He had a name for each action, and they all spoke of how I was giving myself away, selling myself cheap to a man I had willingly let into my house. I thought of what the children would say even though I had no children.

This man like a disease walked all over me. He moved above me with the certainty of a surgeon. He shifted until I felt a warmth in my chest and I couldn’t tell the difference between outside and inside any longer.

He said: you’re no woman; you’re good for nothing.

After he left, I used bleach to wash my body, but the words wouldn’t go away. The fungi blossomed on my belly and chest.

[…]

 

FOUR

The man stretched in my bed and sat at my kitchen table as if he owned the place. I had made sure to do the washing up. There were no dirty cups in the kitchen sink. We talked and while we did that I caressed his shinbone with my toes. His mother was in the hospital with cancer, and he spoke about her with a disdain I could not acknowledge. He was at my house, and I felt powerful. He had seen the books in my room, and his skin had touched my sheets.

His mother was going through the second round of chemotherapy, and she had given up hope, struggling against the doctors and the nurses who kept telling her everything was for her own good. To him, having a cancerous mother was a nuisance, because he had had to take some time off from his job to be with his mum. His father had taken his place at the mother’s side when he came to my house. He was here on borrowed time.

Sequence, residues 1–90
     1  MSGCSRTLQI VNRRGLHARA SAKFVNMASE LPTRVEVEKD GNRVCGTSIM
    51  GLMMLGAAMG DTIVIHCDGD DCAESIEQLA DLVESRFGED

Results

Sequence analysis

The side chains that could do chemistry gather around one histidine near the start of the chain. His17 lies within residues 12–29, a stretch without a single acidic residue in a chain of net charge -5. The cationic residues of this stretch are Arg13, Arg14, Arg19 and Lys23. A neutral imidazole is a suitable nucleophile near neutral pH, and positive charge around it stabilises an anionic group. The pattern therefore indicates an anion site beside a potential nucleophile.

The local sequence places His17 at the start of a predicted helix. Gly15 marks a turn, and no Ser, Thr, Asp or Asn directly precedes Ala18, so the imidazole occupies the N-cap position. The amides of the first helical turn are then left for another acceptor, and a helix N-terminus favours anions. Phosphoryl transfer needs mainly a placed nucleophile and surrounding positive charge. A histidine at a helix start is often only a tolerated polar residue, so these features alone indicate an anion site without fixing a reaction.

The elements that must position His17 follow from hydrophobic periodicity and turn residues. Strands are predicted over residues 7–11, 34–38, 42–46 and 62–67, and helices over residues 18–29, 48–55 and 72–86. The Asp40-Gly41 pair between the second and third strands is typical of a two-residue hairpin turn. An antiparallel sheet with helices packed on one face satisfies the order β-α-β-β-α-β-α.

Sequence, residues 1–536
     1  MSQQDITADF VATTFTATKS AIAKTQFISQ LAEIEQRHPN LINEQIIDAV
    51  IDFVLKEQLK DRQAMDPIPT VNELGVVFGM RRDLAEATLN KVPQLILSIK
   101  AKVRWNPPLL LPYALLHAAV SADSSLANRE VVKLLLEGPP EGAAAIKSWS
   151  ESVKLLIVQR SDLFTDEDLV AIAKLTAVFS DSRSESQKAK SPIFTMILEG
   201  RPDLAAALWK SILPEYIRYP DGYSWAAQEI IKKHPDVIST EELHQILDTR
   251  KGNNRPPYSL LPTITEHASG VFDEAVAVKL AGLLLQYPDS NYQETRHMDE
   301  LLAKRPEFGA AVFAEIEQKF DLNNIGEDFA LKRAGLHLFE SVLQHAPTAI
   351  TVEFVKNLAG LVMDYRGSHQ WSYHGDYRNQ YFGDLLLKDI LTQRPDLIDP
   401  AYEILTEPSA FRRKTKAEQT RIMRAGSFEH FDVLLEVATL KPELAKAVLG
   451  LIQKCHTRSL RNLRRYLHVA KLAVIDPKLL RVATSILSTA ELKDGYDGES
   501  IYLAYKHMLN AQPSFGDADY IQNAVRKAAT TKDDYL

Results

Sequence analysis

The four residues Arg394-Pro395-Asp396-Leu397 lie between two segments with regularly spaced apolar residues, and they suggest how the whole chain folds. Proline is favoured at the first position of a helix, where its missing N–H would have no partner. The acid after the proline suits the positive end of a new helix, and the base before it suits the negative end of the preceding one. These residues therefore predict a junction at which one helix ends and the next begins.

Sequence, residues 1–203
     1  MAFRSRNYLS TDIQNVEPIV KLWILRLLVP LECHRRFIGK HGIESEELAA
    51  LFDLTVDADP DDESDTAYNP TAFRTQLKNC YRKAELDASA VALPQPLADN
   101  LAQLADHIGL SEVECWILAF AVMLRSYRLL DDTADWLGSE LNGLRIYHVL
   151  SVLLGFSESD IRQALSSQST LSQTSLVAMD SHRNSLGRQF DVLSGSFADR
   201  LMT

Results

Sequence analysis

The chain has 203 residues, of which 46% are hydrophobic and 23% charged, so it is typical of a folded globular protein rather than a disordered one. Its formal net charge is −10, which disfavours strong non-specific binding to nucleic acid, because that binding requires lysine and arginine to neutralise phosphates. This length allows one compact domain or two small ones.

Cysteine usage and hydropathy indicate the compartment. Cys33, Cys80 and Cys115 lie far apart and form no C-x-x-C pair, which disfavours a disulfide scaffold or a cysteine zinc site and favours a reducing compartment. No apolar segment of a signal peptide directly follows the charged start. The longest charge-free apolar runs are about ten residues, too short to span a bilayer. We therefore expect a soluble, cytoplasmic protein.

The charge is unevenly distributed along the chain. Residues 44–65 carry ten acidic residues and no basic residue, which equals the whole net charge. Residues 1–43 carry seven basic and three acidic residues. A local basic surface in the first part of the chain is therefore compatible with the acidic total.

Then he started talking about his ex, and I felt pity for myself. After he left, I didn’t even dare to look at myself in the mirror. I made the bed and scrubbed myself clean. I replaced the sheets and used bleach to clean the shower cabin, the taste of his tongue in my mouth. Still, I couldn’t look at myself in the mirror, so I covered all of them.

I thought of the animal Messiah. By then, it had become an obsession, and I searched through my notes feverishly, hoping to find something, a detail that had perhaps escaped my attention and which might explain all this. At what point in his life had he decided he couldn’t live outside somebody else’s presence? The search took my mind off things. I wished, oh how I wanted, to go back in time and tell him he should, by all means, do his best to be happy on his own.